Retail health clinics may be increasing health costs, instead of lowering them, based on a Boston-based Harvard Medical School study, according to CNBC. Health Affairs published the study.
The researchers analyzed visits for 11 types of “low-acuity” conditions.
Here are eight observations:
1. Retail health clinics have resulted in increased use of medical services.
2. The researchers found three-fifths of the visits were labeled as “new utilization,” indicating the patients would not have received treatment if the clinics weren’t available.
3. About two-fifths of the visits were considered “substitution” treatments, in which the patients would have otherwise received more expensive treatment from emergency rooms or their primary care physicians.
4. The authors found the increased spending for “new utilization” visits outweighed the savings seen from “substitution” visits.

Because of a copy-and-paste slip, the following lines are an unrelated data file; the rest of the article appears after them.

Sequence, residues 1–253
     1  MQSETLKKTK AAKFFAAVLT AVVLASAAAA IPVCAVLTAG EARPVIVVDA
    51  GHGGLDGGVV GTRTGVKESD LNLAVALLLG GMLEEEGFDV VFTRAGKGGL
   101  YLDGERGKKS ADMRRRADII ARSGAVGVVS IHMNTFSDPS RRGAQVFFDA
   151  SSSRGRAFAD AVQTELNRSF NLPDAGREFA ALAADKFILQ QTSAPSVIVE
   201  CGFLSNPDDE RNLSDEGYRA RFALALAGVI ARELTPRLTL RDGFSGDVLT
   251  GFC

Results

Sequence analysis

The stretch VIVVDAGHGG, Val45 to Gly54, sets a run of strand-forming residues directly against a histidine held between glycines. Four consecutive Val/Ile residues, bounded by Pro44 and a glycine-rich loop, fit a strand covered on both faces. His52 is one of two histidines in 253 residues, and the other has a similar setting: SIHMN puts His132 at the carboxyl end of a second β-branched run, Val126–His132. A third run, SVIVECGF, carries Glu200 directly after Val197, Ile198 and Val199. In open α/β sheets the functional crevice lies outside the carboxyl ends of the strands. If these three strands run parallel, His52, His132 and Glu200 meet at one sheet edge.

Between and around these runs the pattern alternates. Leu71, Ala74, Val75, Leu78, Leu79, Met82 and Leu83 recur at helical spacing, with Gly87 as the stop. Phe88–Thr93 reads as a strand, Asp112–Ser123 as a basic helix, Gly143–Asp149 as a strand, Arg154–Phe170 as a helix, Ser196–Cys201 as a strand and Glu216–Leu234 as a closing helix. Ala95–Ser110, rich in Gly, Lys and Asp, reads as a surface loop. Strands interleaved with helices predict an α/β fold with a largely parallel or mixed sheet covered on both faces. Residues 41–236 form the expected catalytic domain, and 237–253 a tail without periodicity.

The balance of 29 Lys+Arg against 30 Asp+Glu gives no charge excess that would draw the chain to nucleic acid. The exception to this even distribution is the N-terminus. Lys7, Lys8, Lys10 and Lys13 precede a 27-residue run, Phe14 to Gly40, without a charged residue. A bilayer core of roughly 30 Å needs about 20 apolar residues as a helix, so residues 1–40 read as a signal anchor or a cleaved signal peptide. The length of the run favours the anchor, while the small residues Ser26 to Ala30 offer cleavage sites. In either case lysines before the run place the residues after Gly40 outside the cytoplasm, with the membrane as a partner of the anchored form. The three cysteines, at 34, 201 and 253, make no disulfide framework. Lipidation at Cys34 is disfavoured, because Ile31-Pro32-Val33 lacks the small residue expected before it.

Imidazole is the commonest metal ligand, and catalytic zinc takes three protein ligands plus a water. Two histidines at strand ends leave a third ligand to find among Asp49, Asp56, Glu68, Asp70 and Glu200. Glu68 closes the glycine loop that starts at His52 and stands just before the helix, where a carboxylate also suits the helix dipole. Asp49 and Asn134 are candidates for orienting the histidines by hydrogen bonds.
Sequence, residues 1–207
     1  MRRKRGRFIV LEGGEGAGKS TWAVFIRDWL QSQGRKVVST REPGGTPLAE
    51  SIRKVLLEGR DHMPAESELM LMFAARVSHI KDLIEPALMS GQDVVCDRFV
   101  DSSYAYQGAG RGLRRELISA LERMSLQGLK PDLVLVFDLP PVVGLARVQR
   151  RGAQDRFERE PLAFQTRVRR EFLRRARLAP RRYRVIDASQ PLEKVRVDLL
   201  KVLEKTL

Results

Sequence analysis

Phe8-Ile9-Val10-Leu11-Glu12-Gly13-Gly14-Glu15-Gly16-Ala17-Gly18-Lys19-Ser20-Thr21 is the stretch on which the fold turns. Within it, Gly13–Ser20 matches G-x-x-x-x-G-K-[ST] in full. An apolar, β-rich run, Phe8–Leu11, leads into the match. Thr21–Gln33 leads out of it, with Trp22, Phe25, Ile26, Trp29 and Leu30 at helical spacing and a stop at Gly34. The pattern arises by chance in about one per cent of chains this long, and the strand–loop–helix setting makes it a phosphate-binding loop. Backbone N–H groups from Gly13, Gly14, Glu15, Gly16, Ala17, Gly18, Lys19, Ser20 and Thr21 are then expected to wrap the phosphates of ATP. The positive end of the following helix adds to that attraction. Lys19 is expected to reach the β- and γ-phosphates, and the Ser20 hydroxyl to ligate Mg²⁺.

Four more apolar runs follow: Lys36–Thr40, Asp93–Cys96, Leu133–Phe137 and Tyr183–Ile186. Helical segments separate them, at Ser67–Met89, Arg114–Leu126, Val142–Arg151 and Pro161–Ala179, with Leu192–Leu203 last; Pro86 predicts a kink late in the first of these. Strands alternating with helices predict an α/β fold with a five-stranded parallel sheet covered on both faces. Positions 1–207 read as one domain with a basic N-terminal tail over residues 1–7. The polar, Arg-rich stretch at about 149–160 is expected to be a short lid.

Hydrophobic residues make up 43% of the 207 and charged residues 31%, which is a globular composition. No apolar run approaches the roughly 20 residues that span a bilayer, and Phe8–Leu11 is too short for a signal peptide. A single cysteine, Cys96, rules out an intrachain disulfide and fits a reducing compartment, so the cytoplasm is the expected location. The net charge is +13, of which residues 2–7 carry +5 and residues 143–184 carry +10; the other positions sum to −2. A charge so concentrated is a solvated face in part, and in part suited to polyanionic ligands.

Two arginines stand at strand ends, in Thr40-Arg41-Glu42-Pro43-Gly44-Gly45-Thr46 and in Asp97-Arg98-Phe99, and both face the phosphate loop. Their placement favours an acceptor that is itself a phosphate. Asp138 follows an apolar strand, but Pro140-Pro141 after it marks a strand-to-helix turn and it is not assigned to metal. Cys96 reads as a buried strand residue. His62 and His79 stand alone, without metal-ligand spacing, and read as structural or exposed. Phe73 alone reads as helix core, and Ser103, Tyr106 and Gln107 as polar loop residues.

5. The retail clinics did not cut spending, but contributed to 21 percent higher spending for low-acuity conditions. Individually, patients saw about a $14 increase per visit.
6. The researchers concluded retail clinics encourage people to use more medical services.
7. About 2,000 retail health clinics provide treatment throughout the United States, offering care to about 6 million visitors annually.
8. The results question whether other alternative, low-cost healthcare approaches, like telehealth, may also result in overall higher health spending.